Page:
Rep. Mike Ross (D-Ark.), the Blue Dog congressman who battled with Democratic Party leaders for much of July before reaching an agreement on health-care reform legislation, said Tuesday that he could no longer back the government-insurance option included in the bill he voted for before the congressional recess.
"I have been skeptical about the public health insurance option from the beginning and used August to get feedback from you, my constituents," he wrote in a statement his office released publicly. "An overwhelming number of you oppose a government-run health insurance option, and it is your feedback that has led me to oppose the public option as well."
Writing in the New York Times last month, President Barack Obama asked that Americans "talk with one another, and not over one another" as our health-care debate moves forward.
I couldn't agree more. Let's engage the other side's arguments, and let's allow Americans to decide for themselves whether the Democrats' health-care proposals should become governing law.
Some 45 years ago Ronald Reagan said that "no one in this country should be denied medical care because of a lack of funds." Each of us knows that we have an obligation to care for the old, the young and the sick. We stand strongest when we stand with the weakest among us.
While White House spokesman Robert Gibbs today refrained from telling reporters whether President Obama in his speech Wednesday night will set a deadline for passing health care reform, sources tell ABC News that in his private meeting with Democratic congressional leaders this afternoon the key word was urgency.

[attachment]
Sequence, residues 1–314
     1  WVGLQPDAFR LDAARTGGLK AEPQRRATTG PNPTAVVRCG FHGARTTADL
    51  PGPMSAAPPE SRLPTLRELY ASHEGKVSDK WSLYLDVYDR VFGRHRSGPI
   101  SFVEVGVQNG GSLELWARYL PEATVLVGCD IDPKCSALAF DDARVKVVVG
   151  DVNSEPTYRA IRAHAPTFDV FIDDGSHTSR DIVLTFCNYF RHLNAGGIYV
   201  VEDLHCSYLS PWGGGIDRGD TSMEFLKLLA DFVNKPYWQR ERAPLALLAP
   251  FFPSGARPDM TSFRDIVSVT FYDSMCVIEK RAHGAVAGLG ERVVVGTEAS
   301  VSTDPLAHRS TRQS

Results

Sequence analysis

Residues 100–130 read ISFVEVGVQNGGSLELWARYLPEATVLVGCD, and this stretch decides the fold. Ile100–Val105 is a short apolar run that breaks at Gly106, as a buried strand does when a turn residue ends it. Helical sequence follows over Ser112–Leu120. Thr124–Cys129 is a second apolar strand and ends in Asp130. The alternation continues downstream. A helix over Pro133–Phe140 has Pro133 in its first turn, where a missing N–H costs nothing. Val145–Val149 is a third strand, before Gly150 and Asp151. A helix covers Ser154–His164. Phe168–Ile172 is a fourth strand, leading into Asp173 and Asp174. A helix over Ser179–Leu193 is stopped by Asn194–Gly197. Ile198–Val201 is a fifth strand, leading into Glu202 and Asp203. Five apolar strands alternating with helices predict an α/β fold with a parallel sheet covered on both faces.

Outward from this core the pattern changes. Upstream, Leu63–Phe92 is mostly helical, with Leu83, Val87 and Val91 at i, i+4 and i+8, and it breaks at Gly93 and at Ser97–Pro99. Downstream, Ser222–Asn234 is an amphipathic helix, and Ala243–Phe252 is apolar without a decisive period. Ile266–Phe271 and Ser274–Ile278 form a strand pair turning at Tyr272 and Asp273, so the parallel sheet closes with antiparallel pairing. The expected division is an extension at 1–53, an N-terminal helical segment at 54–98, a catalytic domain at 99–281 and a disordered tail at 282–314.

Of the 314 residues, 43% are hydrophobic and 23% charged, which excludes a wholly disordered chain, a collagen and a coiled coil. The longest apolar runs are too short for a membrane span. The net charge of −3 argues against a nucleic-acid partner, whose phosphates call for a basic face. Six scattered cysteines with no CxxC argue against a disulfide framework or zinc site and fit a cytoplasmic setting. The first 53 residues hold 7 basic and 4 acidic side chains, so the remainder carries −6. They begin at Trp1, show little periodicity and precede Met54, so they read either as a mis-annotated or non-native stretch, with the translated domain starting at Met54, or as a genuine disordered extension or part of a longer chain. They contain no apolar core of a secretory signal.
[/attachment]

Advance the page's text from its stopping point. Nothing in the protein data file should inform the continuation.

The president told House Speaker Nancy Pelosi, D-Calif., and Senate Majority Leader Harry Reid, D-Nev., that it is important for them to pass health care reform bills soon, the sources said.
Both leaders told the president that despite the difficult rough and tumble of the legislative process in the last few weeks, they are optimistic that both the House and Senate can pass health care reform legislation.
What will be in the bill remains an open question, though after the meeting, Reid told reporters that â€œwe're going to do our very best to have a public option or something like a public option before we finish this work.â€
The nastiness of August reached from the nation’s town halls into the U.S. Capitol on Wednesday as President Barack Obama tried to move his health care plan forward.
South Carolina Republican Rep. Joe Wilson shouted “You lie!” after Obama had talked about illegal immigrants.